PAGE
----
FIG. 8 is a plot of magnetic field data taken in a typical relief well as it approached a target.

FIG. 9 is a chart showing the magnetic response to sensed North and South poles.

FIG. 10 is a cross-sectional view of one embodiment of the subsurface sensing apparatus.

FIG. 10A is a cross-sectional view of an alternative embodiment of the subsurface sensing apparatus.

FIG. 11 is a block diagram of subsurface electronics in the subsurface sensing package.

FIG. 12 is a block diagram of the surface electronics instrumentation.

FIG. 13 is an elevational view in section illustrating an embodiment of the invention incorporating an electrical system for injecting direct or alternating current into the formation.

FIG. 14 is a partial cross section through FIG. 13 illustrating the bifurcated guide and latch device for current injection.


A. General Theory

The general theory upon which the method and apparatus of the instant invention is based is that generally descriptive of and applicable to magnetic and gravity fields. The focus of this invention, however, is the use of magnetic and gravity fields to determine the orientation and path of the borehole with respect to the earth and the orientation of the tool within the borehole, and to combine this information with information about drillstring dynamics and with the formation evaluation measurements made concurrently by the conductivity, resistivity, and radioactivity or other sensors and to transmit the data while drilling to the surface for calculations, readout, and use by surface personnel. The tool also can be used to determine while drilling range and direction to a subterranean target which exhibits or may be induced to exhibit a magnetic field.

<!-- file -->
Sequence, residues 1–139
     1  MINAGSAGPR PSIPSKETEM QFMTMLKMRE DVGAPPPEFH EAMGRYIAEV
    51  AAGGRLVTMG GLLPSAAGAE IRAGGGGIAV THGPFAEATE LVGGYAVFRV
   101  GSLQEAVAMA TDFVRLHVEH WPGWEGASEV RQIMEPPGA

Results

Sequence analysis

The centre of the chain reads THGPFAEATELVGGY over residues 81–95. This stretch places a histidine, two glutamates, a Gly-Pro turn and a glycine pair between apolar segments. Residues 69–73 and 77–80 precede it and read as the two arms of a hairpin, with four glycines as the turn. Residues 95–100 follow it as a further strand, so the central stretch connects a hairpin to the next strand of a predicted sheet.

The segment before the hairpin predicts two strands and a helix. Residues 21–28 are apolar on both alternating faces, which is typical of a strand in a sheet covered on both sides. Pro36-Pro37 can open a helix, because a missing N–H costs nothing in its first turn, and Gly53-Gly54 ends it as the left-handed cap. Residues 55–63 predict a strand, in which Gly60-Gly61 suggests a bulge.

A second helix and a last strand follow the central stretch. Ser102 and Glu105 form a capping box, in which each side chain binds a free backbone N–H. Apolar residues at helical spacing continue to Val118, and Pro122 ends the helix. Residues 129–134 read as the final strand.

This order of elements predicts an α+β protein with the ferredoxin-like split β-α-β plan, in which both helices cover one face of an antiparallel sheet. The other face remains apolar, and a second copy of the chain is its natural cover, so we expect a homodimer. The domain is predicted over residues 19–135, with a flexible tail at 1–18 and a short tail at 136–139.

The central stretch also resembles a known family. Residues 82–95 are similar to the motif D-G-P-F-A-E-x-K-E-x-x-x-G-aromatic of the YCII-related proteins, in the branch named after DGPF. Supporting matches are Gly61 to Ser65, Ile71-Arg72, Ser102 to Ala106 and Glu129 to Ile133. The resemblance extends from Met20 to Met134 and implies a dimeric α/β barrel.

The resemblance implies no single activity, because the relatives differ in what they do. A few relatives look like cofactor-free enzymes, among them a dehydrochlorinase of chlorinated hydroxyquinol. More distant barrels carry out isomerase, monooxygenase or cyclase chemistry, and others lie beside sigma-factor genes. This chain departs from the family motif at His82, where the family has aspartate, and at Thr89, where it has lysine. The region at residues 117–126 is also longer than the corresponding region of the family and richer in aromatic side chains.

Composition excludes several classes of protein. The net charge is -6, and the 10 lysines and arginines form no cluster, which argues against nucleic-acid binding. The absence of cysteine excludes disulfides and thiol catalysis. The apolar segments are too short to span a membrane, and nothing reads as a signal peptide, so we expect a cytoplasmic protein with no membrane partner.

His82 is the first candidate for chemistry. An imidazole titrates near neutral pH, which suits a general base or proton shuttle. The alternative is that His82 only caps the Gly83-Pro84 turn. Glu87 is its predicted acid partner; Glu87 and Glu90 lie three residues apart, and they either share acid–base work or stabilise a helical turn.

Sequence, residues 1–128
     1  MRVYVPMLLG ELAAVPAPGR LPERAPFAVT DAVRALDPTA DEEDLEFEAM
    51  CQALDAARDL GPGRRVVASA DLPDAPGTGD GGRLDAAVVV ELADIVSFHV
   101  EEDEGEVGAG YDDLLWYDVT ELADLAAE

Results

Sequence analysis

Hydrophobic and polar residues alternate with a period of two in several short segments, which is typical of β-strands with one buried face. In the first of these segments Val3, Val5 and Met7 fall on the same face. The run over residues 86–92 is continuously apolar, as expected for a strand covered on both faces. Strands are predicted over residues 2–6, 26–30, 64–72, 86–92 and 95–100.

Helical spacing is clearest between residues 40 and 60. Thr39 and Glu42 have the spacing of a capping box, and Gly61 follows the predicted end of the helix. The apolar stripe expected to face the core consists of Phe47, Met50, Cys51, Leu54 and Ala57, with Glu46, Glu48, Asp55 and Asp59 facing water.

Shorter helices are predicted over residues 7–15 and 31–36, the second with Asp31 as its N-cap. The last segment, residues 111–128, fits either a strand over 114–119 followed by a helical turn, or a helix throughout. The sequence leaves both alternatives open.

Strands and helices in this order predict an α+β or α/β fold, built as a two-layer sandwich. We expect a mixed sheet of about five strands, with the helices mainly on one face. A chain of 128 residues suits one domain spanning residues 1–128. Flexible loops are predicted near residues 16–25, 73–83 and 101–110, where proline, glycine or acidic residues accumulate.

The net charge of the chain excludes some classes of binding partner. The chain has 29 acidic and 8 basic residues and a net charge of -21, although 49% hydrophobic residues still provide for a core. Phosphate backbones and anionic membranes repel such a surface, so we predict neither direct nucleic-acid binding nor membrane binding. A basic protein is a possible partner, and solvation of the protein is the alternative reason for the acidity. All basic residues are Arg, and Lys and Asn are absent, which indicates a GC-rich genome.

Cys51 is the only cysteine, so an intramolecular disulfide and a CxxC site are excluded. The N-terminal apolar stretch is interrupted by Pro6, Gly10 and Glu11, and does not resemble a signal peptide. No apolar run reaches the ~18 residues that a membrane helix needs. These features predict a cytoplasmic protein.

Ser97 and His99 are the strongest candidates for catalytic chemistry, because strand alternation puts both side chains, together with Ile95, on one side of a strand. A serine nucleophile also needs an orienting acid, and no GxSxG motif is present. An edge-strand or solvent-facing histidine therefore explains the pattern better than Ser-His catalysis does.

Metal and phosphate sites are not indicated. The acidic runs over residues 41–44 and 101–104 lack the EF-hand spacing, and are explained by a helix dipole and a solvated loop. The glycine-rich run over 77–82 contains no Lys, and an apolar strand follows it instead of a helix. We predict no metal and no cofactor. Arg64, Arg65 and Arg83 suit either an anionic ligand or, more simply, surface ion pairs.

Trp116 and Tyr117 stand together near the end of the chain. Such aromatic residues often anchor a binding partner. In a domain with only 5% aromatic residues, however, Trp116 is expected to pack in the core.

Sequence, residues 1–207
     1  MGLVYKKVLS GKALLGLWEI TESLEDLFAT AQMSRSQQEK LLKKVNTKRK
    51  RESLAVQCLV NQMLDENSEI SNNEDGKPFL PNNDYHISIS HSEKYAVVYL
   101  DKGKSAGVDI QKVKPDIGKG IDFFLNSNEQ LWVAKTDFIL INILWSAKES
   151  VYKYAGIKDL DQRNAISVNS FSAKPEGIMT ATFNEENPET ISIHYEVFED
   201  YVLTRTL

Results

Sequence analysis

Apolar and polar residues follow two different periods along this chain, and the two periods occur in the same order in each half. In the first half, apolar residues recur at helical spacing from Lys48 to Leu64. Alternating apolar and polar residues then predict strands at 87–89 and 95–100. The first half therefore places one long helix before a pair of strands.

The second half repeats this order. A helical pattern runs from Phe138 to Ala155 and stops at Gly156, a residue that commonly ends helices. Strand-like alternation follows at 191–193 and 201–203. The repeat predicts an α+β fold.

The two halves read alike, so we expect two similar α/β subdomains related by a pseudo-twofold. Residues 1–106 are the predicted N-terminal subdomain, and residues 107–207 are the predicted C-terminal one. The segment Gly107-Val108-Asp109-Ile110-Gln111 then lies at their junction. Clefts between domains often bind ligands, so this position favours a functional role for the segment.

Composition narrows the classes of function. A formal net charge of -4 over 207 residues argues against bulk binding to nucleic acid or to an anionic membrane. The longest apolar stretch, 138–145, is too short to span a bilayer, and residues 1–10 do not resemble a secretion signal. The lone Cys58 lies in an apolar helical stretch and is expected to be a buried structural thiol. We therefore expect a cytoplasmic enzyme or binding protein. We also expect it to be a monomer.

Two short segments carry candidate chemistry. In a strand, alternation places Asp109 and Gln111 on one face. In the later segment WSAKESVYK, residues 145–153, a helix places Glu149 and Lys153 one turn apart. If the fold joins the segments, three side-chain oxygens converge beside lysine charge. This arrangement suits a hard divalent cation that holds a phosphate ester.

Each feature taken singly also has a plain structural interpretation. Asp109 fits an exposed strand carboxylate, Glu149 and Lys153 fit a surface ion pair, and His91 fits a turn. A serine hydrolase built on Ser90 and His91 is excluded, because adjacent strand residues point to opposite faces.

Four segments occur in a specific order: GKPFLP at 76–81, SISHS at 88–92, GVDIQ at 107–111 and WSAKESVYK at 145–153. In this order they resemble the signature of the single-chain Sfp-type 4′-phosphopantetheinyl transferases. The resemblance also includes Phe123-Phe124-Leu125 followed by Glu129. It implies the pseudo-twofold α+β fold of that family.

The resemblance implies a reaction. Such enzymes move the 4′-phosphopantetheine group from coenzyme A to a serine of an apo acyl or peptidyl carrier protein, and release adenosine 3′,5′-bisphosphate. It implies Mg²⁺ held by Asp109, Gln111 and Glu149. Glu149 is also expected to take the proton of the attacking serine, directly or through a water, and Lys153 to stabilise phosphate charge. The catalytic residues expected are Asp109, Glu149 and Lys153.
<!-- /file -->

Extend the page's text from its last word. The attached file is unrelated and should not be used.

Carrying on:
The present invention utilizes the characteristics of the earth's magnetic field and gravity field along with the magnetic field of a target source to provide information from which the orientation of a borehole and the range and direction to the target source from the borehole may be determined. The borehole orientation or correlation information can be combined with the concurrently taken formation evaluation measurements to completely map the formation during the drilling and steering operations. Alternatively, where a formation has already been mapped, the orientation measurements provide additional tool and borehole orientation information which can be used for directional drilling.